Envisioned futures

After lengthy discussion, debate, and critical analysis, participants had built scenarios and co-produced knowledge and insights rooted in transdisciplinarity.  The key vectors of uncertainty that were development were: (i) futures of good, inclusive governance that involve citizens vs. autocratic governance with corruption and civil unrest, and (ii) access to secure land tenure and planned settlements vs. unmitigated growth of informal settlements (see figure). Using these drivers in various combinations, participants co-produced four separate narratives for future changes in Windhoek, and then analyzed how land uses and land cover would change under each scenario narrative.  A variety of tools was applied to create these narratives. These included a building up of historical timelines, boundary setting, cognitive modeling using directed acyclic graphs, clustering and ranking key drivers of change and desirable/undesirable futures, semi-quantitative analyses of land cover change, and analyzing economic trade-offs of soft, green v. hard infrastructure to respond to climatic disruption that may be expected or surprising in the future.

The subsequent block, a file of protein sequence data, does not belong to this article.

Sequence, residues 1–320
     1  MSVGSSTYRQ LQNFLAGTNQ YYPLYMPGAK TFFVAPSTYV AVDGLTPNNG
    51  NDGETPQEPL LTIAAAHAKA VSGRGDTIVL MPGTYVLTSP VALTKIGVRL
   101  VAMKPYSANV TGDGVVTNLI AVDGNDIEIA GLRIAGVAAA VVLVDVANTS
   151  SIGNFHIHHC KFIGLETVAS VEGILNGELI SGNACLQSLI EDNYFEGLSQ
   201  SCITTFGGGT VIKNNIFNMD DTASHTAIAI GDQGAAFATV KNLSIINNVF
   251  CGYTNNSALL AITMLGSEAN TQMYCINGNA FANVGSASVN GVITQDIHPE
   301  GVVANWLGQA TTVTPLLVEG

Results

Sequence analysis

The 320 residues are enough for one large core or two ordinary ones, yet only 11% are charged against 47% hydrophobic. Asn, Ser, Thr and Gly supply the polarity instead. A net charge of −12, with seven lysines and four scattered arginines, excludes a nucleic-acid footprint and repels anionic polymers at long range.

The groups engaged in mapping out connections between facets of land use and health

The role of Urban Green Infrastructure

Participants were encouraged to think critically about Urban Green Infrastructure (UGI) present in Windhoek, and ecosystem services derived from places such as ephemeral rivers,  riverbeds, hilly slopes, and the Avis and Goreangab dams, how they affected under the envisioned scenarios, and key factors that will determine success or failure of adaptation measures. Narratives revealed that planning for more sustainable, equitable governance mechanisms, socio-political dynamics, ecological, demographic and climatic change, and countering persistent inequalities requires a view of the long view of both the past and future.  There are important opportunities in Windhoek’s upcoming master plan to manage, maintain and restore green urban infrastructure to improve physical and psychological health, and reduce vulnerability to climatic risk, but yet remains a hitherto overlooked intervention.